CHAPTER II. THE MATERIAL GRANDEUR AND GLORY OF THE ROMAN EMPIRE.

To the eye of an ancient traveler there must have been something very grand and impressive in the external aspects of wealth and power which the Roman Empire, in the period of its greatest glory, presented in every city and province. It will therefore be my aim in this chapter to present those objects of pride and strength which appealed to the senses of an ordinary observer, and such as would first arrest his attention were he to describe the wonders he beheld to those who were imperfectly acquainted with them.

[Culmination of Roman greatness.]

It is generally admitted that Roman greatness culminated during the reigns of the Antonines, about the middle of the second century of the Christian era. At that period we perceive the highest triumphs of material civilization and the proudest spirit of panegyric and self-confidence. To the eye of contemporaries it seemed that Rome was destined to be the mistress of the world forever.

[Extent of the empire.]

[Square miles.]

[Seas and rivers.]

[Boundaries.]

[Scandinavia.]

[Sarmatia.]

[Mountains.]

We naturally glance, in the first place, to the extent of that vast empire which has had no parallel in ancient or modern times, and which was erected on the ruins of all the powerful states of antiquity. It was a most wonderful centralization of power, spreading its arms of hopeless despotism from the Pillars of Hercules to the Caspian Sea; from the Rhine and the Danube to the Euphrates and Tigris; from the forests of Sarmatia to the deserts of Africa. The empire extended three thousand miles from east to west, and two thousand from north to south. It stretched over thirty-five degrees of latitude, and sixty-five of longitude, and embraced within its limits nearly all the seas, lakes, and gulfs which commerce explored. It contained 1,600,000 square miles, for the most part cultivated, and populated by peoples in various stages of civilization, some of whom were famous for arts and wealth, and could boast of heroes and cities, - of a past history brilliant and impressive. In nearly the centre of this great empire was Mediterranean Sea, which was only, as it were, an inland lake, upon whose shores the great cities of antiquity had flourished, and towards which the tide of Assyrian and Persian conquests had rolled and then retreated forever. The great rivers - the Nile, the Po, and the Danube - flowed into this basin and its connecting seas, wafting the produce of distant provinces to the great central city on the Tiber. The boundaries of the empire were great oceans, deserts, and mountains, beyond which it was difficult to extend or to retain conquests. On the west was the Atlantic Ocean, unknown and unexplored - that mysterious expanse of waters which filled navigators with awe and dread, and which was not destined to be crossed until the stars should cease to be the only guide. On the northwest was the undefined region of Scandinavia, into which the Roman arms never penetrated, peopled by those barbarians who were to be the future conquerors of Rome, and the creators of a new and more glorious civilization, - those Germanic tribes which, under different names, had substantially the same manners, customs, and language, - a race more unconquerable and heroic than the Romans themselves, the future lords of mediaeval Europe, the ancestors of the English, the French, the Spaniards, and the Germans. On the northwest were the Sarmatians and Scythians - Sclavonic tribes, able to conquer, but not to reconstruct; savages repulsive and hideous even to the Goths themselves. On the east lay the Parthian empire, separated from Roman territories by the Euphrates, the Tigris, and the Armenian mountains. The Caucasian range between the Euxine and the Caspian seas presented an insuperable barrier, as did the deserts of Arabia to the Roman legions. The Atlas, the African desert, and the cataracts of the Nile formed the southern boundaries. The vulnerable part of the empire lay between the Danube and Rhine, from which issued, in successive waves, the Germanic foes of Rome. To protect the empire against their incursions, the Emperor Probus constructed a wall, which, however, proved but a feeble defense.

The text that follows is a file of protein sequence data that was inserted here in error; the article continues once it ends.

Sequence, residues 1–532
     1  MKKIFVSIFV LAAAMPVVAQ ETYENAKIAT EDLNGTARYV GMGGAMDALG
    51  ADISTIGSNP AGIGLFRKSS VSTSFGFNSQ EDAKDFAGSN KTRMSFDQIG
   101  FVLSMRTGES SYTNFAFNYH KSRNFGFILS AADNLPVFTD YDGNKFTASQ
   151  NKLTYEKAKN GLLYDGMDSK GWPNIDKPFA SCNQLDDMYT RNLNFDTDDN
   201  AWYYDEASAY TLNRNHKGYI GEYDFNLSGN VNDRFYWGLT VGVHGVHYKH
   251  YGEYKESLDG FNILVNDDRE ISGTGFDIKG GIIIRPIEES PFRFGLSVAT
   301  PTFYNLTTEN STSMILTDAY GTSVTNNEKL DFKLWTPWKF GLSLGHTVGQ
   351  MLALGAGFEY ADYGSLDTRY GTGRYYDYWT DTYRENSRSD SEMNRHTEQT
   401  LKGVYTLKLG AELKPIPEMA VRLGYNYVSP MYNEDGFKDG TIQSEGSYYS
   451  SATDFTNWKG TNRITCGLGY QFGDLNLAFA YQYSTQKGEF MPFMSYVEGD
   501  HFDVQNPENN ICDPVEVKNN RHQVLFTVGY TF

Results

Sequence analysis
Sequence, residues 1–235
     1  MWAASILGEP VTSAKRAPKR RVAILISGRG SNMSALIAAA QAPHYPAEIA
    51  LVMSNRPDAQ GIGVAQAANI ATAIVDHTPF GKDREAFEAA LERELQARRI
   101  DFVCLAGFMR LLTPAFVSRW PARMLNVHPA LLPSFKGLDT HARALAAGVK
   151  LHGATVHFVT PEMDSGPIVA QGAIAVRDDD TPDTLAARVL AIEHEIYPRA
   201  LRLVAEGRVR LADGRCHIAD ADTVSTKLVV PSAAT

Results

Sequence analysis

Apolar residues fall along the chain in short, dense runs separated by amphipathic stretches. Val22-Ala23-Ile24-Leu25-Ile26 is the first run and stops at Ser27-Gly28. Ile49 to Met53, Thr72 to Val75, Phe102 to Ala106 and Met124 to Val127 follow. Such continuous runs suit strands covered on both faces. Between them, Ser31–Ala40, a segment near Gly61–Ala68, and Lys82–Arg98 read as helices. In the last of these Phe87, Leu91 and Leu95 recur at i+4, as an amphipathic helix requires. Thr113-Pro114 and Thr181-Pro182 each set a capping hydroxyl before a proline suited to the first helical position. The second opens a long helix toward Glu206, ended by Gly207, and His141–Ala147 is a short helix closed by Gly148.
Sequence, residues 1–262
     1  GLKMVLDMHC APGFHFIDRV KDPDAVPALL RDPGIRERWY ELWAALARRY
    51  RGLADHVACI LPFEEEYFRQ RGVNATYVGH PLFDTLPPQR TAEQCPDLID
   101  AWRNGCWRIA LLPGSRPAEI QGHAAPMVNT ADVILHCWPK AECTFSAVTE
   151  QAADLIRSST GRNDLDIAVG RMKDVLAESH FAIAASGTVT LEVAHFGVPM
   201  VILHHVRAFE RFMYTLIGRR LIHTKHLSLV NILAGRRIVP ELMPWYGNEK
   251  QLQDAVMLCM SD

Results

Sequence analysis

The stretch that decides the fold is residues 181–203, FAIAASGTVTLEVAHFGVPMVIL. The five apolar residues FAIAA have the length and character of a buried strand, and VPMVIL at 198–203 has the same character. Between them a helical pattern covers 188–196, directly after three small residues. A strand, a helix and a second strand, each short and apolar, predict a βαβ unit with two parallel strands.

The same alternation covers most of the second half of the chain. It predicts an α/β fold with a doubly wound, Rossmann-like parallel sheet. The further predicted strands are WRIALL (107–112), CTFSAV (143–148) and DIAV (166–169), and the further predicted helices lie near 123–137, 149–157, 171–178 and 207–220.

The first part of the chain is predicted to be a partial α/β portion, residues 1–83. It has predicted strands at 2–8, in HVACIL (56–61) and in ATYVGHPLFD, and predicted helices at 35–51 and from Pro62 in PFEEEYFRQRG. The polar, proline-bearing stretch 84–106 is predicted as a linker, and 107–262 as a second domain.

[Provinces.]

[Results of successive conquests.]

[Vastness of the political power.]

[Empire universal.]